The Jacob Leinenkugel Brewing Co. has been brewing quality beer in Chippewa Falls since 1867. It turned to craft brewing a couple of decades ago and began producing several varieties of beer.

But none has compared to Summer Shandy. It was such a runaway success, tapping into a market previously untouched, that it has become by all accounts a national phenomenon.

Taking the beer industry by storm, it quickly became it’s No. 1-selling beer, and the most successful launch in Leinenkugel’s history.

“For the first time in our history, we led with a style that no other brewery in the United States had,” says Leinenkugel’s President Jake Leinenkugel.

“To be able to lead and be the innovator of a new style was really, really important,” said Dick Leinenkugel, who is taking over for his older brother as president of the Chippewa Falls brewery. “Today our research shows us that 9 out of 10 shandy beers in the United States are Leinenkugel’s beers.”

To say that it took Summer Shandy to put Leinenkugel’s on the map is an overstatement. The brewery had been stretching its legs prior to the 1988 sale to Miller Brewing Company, and had accelerated at an impressive pace since then. Its footprint exceeded half of the country at times.

But this was different. Summer Shandy was a hit of such proportions that it propelled the brewery to do something it had never done before: Go national.

“We knew that we had something that the competitors didn’t, and our distributors pressed us hard” to sell Summer Shandy from coast to coast, Jake said. That was four years ago.

When its sales rocketed by 90 percent in 2012 over the previous year, Leinekugel’s made the call that those distributors — and the American public — had been clamoring for. It was making Summer Shandy available for sale in all 50 states.

The small-town brewery was now a player on the national stage. And Dick Leinenkugel was the man behind its breakthrough beer.

Filling a void

Like many success stories, Shandy’s origins were modest. The brewery was simply trying to fill a gap in its product lineup.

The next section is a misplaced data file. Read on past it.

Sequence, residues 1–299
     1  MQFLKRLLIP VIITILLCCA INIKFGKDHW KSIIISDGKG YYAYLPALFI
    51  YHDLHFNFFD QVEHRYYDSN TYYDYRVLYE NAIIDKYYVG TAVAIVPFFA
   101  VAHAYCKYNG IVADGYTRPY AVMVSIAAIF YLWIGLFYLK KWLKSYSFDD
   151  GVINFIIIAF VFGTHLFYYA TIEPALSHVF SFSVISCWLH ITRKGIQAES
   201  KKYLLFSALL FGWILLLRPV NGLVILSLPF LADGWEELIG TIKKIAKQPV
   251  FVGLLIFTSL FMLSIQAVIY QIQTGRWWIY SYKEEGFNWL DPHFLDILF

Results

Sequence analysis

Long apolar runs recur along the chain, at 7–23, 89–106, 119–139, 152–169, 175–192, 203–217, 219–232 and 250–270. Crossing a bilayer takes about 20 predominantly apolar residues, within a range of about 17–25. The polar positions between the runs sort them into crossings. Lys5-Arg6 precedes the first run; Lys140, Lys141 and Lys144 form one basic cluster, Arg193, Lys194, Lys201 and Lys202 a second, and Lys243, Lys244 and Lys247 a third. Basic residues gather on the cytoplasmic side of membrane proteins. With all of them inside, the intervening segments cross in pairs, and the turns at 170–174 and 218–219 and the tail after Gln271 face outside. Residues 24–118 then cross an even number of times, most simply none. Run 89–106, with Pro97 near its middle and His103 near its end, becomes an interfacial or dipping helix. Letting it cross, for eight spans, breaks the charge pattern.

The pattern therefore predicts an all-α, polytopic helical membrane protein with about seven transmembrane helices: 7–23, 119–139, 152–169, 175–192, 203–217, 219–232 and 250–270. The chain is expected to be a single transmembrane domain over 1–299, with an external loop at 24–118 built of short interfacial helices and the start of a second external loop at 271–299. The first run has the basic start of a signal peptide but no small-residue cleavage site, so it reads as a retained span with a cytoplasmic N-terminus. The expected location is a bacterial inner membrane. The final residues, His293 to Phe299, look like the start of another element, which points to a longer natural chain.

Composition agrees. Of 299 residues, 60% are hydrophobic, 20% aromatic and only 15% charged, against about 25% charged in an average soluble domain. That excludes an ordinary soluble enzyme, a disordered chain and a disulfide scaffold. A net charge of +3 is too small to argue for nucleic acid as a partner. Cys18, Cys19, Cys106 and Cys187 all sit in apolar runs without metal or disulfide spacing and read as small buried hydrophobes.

When nearly three out of four Leinenkugel’s customers responding to a survey about its Berry Weiss beer said they wanted to keep it around all year long, the brewery was faced with a decision.

“We said, ‘OK, now we have to come out with a new summer seasonal (beer),” Dick recalls.

His German heritage came into play when he asked: What is the summer drink of choice in Germany? The two primary answers:

  • A Kölsch-style beer brewed in Cologne, Germany, that is lighter and fruity and less bitter than the typical German lager.
  • Hefeweizen, a lighter, unfiltered wheat beer. When mixed with lemonade it is called a Rottler.
  • Leinenkugel’s has since turned the first example into its own Kölsch-style beer, Canoe Paddler. But in 2006, Dick Leinenkugel was intent on exploring the other concept.

“I thought this Rottler idea was intriguing. So we took our Honey Weiss and mixed it with lemonade, and fruit juice, and ginger ale, and cranberry juice, and we just started playing around a little bit,” Dick recalls.

One problem they encountered was the mixing cut alcohol levels in half. Dick asked the brewing team if they could brew a lighter beer and add in a natural lemonade flavor at the end of the process, keeping the alcohol level at the usual level of light beers, around 4.2 percent.

“They came back with that brew and I tasted it and said, ‘Wow, this is nice. You get the lemon but it still tastes beery enough.’ So let’s go out and test it.”